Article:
Recipe 6.3 Representing Dates in Other Epochs


You need to deal with dates in a form other than the Gregorian Calendar used in the Western world.


Download the IBM calendar classes.


The only nonabstract Calendar subclass is the GregorianCalendar, as mentioned previously. However, other calendar classes do exist. IBM has a set of calendars Hebrew, Islamic, Buddhist, Japanese, and even an Astronomical Calendar class that covers most of the rest of the world. This work has been open sourced and is now part of a project called International Components for Unicode for Java, which can be found at

The calendar classes in ICU4J work in a similar fashion to the standard GregorianCalendar class, but they have constants for month names and other information relevant to each particular calendar. They are not subclassed from java.util.Calendar, however, so they must be referred to by their full class name:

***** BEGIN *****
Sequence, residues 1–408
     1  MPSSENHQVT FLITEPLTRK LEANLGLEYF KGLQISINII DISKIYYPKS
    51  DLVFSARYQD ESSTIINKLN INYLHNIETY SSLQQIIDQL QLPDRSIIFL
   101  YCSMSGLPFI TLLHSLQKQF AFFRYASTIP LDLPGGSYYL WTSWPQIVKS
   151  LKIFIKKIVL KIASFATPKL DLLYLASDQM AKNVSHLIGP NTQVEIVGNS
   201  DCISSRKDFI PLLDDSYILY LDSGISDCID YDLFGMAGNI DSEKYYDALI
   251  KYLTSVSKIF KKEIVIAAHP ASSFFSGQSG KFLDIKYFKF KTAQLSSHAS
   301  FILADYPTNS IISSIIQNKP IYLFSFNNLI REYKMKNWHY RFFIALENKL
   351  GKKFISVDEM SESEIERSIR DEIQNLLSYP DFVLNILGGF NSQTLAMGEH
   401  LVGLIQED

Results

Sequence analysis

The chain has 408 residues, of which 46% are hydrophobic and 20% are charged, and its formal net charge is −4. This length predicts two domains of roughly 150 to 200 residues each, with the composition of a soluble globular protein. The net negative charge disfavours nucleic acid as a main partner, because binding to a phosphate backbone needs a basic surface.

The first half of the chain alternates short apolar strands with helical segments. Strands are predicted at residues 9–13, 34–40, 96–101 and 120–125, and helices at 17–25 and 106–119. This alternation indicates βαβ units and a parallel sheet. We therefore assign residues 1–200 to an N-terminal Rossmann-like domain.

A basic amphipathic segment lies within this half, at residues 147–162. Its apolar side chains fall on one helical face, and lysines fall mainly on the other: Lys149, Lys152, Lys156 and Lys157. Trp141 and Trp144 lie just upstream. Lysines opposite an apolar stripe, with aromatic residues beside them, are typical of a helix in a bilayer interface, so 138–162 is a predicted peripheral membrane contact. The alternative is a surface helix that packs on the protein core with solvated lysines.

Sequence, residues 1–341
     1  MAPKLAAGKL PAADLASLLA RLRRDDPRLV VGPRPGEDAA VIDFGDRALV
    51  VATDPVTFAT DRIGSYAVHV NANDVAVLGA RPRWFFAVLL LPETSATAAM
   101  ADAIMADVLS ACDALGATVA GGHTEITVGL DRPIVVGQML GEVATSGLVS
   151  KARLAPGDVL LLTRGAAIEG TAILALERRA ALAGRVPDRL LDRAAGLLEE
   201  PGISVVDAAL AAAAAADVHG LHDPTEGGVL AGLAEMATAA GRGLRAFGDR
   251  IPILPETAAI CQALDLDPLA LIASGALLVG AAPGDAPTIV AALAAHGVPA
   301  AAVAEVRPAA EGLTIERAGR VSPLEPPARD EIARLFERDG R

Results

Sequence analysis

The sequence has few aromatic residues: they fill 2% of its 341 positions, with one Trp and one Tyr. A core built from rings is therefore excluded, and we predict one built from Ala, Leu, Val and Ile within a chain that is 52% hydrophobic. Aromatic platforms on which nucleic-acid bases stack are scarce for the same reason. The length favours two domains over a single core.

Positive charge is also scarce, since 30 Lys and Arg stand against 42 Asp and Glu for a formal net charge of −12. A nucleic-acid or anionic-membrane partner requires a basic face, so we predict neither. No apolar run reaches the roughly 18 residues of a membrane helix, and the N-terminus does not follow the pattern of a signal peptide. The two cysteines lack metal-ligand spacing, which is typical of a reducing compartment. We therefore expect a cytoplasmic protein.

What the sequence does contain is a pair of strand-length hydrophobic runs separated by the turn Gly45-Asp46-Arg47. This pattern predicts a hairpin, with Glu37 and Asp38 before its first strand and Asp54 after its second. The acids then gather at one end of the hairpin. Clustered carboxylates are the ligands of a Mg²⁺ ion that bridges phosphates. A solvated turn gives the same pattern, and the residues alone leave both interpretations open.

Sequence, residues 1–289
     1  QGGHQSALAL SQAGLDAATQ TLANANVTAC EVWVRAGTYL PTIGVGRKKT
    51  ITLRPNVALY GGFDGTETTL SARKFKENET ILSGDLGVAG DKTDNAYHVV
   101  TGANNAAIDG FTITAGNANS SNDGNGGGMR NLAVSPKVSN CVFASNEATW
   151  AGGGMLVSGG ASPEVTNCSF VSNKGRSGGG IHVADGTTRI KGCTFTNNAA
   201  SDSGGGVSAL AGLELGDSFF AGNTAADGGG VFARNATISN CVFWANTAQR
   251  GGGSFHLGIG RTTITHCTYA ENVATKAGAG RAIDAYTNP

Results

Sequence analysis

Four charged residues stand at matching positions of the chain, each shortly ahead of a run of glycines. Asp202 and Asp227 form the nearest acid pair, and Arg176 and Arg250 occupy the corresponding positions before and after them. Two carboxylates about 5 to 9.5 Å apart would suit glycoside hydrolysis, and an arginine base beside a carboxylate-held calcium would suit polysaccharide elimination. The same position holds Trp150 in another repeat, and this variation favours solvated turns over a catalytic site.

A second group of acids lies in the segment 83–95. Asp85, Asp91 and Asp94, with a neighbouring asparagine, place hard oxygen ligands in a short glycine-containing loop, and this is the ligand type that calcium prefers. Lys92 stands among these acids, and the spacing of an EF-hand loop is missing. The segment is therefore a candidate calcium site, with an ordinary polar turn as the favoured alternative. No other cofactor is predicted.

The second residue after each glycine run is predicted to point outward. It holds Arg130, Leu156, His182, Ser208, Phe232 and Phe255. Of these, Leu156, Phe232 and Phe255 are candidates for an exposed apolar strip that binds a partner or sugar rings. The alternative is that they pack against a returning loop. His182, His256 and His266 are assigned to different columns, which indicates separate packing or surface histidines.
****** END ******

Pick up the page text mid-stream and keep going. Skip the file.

import java.util.Locale; import; import java.text.DateFormat; import; public class IBMCalDemo {         public static void main(String[] args) {                 Locale ar_loc = new Locale("ar");                 Calendar c = new );                 DateFormat d = DateFormat.getDateInstance(DateFormat.LONG, ar_loc);                 System.out.println(d.format(c.getTime( )));         } }

I can't include the textual output because of font limitations. The icu4j package includes a multicalendar demo application whose output is shown in Figure 6-1.

Figure 6-1. IBMCalDemo in action

Java Cookbook
Java Cookbook, Second Edition
ISBN: 0596007019
EAN: 2147483647
Year: 2003
Pages: 409
Authors: Ian F Darwin

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